Streams, Buffers, and Byte Arrays
The traditional method for reading data from a file, website, or other source in .NET is to use a stream. A stream enables you to transfer data into a data structure that you can read and manipulate. Streams may also provide the ability to transfer the contents of a data structure back to the stream to write it. Some streams support seeking, finding a position within a stream the same way you might skip ahead to a different scene on a DVD movie.
Streams are commonly written to byte arrays. The byte array is the preferred way to reference binary data in .NET. It can be used to manipulate data like the contents of a file or the pixels that make up the bitmap for an image. Many of the stream classes in .NET support converting a byte array to a stream or reading streams into a byte array. You can also convert other types into a byte array using the BitConverter class. The following example converts a 64-bit integer to an array of 8 bytes (8 bytes x 8 bits = 64 bits) and then back again:
var bigNumber = 4523452345234523455L; var bytes = BitConverter.GetBytes(bigNumber); var copyOfBigNumber = BitConverter.ToInt64(bytes, 0); Debug.Assert(bigNumber == copyOfBigNumber);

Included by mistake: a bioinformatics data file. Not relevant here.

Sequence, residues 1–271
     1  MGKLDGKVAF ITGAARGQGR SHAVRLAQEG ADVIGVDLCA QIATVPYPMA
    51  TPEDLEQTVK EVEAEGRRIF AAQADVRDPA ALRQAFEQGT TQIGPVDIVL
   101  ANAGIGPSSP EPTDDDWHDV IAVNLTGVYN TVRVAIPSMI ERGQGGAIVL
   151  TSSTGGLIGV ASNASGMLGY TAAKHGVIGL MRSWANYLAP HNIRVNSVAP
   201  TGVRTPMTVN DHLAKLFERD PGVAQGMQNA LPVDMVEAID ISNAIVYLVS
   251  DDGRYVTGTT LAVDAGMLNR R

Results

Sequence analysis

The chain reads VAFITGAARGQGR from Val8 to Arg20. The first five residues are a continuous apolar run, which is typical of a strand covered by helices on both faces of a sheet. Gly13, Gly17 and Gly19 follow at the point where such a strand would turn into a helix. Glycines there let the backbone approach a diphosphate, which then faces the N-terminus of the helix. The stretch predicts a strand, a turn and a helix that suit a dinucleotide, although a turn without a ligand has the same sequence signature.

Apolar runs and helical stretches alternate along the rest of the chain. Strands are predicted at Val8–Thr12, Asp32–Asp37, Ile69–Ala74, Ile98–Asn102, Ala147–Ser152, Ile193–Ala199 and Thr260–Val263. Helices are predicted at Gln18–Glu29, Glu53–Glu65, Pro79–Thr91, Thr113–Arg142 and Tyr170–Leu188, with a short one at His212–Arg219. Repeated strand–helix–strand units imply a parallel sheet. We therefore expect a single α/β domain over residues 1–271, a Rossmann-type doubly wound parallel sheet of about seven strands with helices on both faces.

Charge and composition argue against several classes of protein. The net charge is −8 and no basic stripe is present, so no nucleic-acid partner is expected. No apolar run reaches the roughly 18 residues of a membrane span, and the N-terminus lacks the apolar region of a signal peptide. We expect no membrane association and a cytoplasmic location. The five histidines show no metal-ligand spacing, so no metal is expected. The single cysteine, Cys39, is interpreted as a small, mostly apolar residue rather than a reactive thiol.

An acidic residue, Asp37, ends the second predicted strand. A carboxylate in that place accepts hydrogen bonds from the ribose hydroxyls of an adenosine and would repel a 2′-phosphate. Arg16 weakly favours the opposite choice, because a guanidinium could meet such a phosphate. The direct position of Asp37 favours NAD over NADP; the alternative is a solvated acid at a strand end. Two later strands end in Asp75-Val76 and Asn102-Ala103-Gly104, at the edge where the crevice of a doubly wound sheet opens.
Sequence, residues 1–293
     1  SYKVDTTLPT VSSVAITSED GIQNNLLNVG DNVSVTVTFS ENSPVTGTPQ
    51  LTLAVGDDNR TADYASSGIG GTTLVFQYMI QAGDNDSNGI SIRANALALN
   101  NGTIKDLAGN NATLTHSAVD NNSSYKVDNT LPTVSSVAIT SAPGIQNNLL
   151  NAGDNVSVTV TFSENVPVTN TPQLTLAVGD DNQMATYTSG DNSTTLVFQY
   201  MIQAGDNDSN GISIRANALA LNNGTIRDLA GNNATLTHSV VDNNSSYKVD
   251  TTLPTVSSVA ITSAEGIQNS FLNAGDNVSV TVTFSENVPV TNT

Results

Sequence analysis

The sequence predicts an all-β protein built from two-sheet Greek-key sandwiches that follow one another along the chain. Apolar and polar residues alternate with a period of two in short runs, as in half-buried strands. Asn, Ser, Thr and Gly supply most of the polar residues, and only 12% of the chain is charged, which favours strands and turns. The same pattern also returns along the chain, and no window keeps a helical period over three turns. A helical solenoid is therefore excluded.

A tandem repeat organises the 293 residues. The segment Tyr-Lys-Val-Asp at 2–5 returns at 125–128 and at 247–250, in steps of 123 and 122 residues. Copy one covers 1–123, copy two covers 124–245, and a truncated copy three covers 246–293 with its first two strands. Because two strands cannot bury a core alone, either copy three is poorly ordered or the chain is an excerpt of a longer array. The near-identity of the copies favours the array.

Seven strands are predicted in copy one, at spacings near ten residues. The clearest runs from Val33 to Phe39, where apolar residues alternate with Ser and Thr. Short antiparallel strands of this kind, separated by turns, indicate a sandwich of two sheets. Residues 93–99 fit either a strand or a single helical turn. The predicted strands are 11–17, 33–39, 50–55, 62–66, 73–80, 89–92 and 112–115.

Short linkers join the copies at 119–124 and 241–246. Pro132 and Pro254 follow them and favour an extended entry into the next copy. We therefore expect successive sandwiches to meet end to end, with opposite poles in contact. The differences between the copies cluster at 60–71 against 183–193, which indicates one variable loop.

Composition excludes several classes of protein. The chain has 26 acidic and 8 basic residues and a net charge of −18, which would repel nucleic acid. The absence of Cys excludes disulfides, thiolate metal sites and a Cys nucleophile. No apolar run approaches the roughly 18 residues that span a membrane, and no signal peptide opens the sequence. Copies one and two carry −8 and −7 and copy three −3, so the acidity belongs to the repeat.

The Windows Runtime introduces the concept of an IBuffer that behaves like a cross between a byte array and a stream. The interface itself only provides two members: a Capacity property (the maximum number of bytes that the buffer can hold) and a Length property (the number of bytes currently being used by the buffer). Many operations in the Windows Runtime either consume or produce an instance of IBuffer.
It is easy to convert between streams, byte arrays, and buffers. The methods to copy a stream into a byte array or send a byte array into a stream already exist as part of the .NET Framework. The WindowsRuntimeBufferExtensions class provides additional facilities for converting between buffers and byte arrays. It exists in the System.Runtime.InteropServices.WindowsRuntime namespace. It provides another set of extension methods including AsBuffer (cast a Byte instance to an IBuffer), AsStream (cast an IBuffer instance to a Stream), and ToArray (cast an IBuffer instance to a Byte instance).